@Adelyn - The \newcolumntype instruction creates a column type named C, which centers its contents (because of \centering) but otherwise inherits the properties of the X column type, which is defined by the tabularx package. (See the manual of the array package for an explanation of what \arraybackslash does.) And, please read the manual of the tabularx package. The string *{9}{C|} is shorthand for "9 columns of type C, each one followed by | (a vertical bar)". – Mico Feb 4 at 15:32

The last column is too wide because the ‘title’ is too wide w.r.t. the natural width of the rest of the table. I propose a solution with equal cell widths: it uses the eqparbox and tabularx packages and ensures the tabularx table has minimal width. Furthermore, I use hhlines to have correct intersections of horizontal rules and double vertical rules.

\documentclass{amsart}
\usepackage{amsmath}
\usepackage{amsfonts}

\usepackage{makecell}
\usepackage{tabularx, eqparbox, hhline}

\setlength{\oddsidemargin}{0.0in}
\setlength{\evensidemargin}{0.0in} \setlength{\textwidth}{6.1in}
\setlength{\topmargin}{0.0in} \setlength{\textheight}{9in}

\begin{document}

\centering
\setcellgapes{4pt}\makegapedcells
\begin{tabularx}{\dimexpr\eqboxwidth{H}+2\tabcolsep+2\doublerulesep + 4\arrayrulewidth\relax}
{||c !{\vrule width0.8pt}*{9}{>{\centering\arraybackslash}X|}|}
\hline
\multicolumn{10}{||c||}{\eqmakebox[H]{\bfseries\boldmath Force required to move an object $x$ meters (in newtons)}} \\
\hhline{||*{10}{-}||}
\hhline{||*{10}{-}||}
$x$ & 4 & 6 & 8 & 10 & 12 & 14 & 16 & 18 & 20 \\
\hhline{||*{10}{-}||}
$f(x)$ & 5 & 5.8 & 7 & 8.8 & 9.6 & 8.2 & 6.7 & 5.2 & 4.1 \\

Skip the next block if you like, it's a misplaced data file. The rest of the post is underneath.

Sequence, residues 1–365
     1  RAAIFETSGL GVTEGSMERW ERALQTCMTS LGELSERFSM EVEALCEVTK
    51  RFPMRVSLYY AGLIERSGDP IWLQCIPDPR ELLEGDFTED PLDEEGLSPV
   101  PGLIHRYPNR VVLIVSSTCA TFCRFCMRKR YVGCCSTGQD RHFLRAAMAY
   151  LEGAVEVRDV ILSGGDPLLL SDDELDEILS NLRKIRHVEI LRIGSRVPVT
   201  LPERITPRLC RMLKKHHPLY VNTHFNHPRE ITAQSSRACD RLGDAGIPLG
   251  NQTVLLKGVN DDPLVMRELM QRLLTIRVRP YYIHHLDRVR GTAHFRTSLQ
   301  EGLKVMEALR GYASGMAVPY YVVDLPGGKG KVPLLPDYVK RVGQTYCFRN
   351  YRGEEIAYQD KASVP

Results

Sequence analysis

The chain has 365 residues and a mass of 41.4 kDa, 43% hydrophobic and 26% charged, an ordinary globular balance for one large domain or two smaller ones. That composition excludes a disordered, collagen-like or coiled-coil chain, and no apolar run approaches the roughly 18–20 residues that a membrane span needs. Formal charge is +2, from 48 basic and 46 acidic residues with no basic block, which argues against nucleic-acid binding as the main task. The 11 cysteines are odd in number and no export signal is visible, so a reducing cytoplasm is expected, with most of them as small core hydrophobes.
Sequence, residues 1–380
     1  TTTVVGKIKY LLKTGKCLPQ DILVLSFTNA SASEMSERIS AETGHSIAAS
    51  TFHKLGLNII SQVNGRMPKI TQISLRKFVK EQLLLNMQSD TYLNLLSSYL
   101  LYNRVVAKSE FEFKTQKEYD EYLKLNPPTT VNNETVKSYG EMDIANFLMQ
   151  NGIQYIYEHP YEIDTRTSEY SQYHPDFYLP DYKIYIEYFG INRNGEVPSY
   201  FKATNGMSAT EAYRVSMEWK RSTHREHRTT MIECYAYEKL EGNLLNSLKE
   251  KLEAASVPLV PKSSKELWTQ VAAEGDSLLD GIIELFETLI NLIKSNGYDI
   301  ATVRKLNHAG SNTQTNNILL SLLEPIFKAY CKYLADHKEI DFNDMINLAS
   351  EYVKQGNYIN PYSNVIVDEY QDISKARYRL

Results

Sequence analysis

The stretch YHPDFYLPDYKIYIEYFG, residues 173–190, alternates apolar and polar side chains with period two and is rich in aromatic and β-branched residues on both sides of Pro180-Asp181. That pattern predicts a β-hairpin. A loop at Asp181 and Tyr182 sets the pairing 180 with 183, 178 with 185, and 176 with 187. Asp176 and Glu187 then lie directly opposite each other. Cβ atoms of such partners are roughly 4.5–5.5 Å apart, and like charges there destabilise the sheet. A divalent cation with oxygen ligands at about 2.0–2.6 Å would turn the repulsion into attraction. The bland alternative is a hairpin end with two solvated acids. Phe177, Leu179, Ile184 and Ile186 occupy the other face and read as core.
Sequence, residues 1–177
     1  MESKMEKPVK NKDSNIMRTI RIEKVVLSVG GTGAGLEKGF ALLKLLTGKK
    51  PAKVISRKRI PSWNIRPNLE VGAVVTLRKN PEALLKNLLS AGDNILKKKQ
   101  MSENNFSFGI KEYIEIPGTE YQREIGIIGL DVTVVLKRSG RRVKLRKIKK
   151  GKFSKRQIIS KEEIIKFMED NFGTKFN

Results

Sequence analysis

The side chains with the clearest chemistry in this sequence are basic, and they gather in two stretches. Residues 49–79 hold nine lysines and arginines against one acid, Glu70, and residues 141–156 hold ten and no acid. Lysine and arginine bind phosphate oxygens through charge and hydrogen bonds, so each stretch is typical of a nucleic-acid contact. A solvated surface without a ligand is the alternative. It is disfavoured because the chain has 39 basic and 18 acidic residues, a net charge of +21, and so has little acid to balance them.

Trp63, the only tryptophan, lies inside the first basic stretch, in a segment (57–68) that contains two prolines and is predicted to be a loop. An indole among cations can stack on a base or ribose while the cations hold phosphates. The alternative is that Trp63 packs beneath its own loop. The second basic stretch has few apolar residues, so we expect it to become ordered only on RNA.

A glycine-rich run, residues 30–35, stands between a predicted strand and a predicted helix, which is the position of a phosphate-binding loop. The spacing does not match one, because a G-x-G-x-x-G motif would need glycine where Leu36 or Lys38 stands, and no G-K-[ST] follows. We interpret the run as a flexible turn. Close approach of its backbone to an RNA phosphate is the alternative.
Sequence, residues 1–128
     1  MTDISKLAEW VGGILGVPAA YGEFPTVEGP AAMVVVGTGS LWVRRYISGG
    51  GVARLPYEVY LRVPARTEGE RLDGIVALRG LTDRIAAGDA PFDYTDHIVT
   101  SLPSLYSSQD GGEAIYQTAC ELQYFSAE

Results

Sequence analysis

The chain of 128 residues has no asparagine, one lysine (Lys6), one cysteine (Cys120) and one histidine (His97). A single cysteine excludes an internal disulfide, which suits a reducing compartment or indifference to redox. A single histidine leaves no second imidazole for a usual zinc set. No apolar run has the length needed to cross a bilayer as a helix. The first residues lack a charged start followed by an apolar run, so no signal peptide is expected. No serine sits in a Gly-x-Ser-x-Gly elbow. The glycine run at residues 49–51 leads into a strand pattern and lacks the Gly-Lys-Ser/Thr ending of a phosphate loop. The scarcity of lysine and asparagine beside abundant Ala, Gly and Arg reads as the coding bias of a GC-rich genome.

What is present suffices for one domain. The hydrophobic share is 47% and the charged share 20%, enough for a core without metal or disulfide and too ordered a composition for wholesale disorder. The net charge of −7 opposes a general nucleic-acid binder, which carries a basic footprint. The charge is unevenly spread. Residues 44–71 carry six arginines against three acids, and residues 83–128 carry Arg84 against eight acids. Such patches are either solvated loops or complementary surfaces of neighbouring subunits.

\hline
\end{tabularx}

\end{document}


-
You're right. I didn't think of this aspect of thngs. I'll change my code in a moment. – Bernard Feb 3 at 20:56

It seems you are new with latex. Your primary purpose of labeling the table could be fulfilled by this simple code instead.

\documentclass{amsart}
\usepackage{makecell}
\begin{document}
\begin{table}
\centering
\caption{Force in newtons required to move an object \boldmath$x$ meters\unboldmath}
\begin{tabular}{|| c !{\vrule width0.8pt}c | c | c | c | c | c | c | c | c ||} \hline
$x$     &   4   &   6   &   8   &   10  &   12  &   14  &   16  &   18  &   20  \\ \hline
$f(x)$  &   5   &   5.8 &   7   &   8.8 &   9.6 &   8.2 &   6.7 &   5.2 &   4.1 \\ \hline
\end{tabular}
\end{table}
\end{document}


Edit: However, if you insist on enclosing the caption inside the table, this is yet another alternative derived from the source:An old question on tex

\documentclass{article}
\usepackage{bm,array}
\begin{document}
\newcolumntype{C}{>{\centering\arraybackslash}p{2em}}
\begin{table}
\centering
\begin{tabular}{|| c !{\vrule width0.8pt}C|C|C|C|C|C|C|C|C||}
\hline
\multicolumn{10}{|c|}{Force in newtons required to move an object \boldmath$x$ meters\unboldmath} \\
\hline
$x$     &   4   &   6   &   8   &   10  &   12  &   14  &   16  &   18  &   20  \\ \hline
$f(x)$  &   5   &   5.8 &   7   &   8.8 &   9.6 &   8.2 &   6.7 &   5.2 &   4.1 \\ \hline
\end{tabular}
\end{table}
\end{document}


Here is the output of this code ...

-
I do not code tables much. How can you modify your code to remove "Table 1" and to put the title within a rectangle - as I had in my code - on top of the table? – Adelyn Feb 3 at 22:17
Hello @Adelyn I have edited my answer so you may see it again for both cases – Mist Feb 15 at 15:57
Except for the first column, the width of the columns should be all the same. These columns all contain just data points. Can you edit your code to do this? – Adelyn Feb 16 at 15:36
Answer has been further updated. Hope it helps. Cheers – Mist Feb 16 at 16:49
If you refer to my reply and click on the last highlighted "An old question on tex", you will be forwarded to source and you can read more details too. Glad, I could be of some help. – Mist Feb 17 at 8:39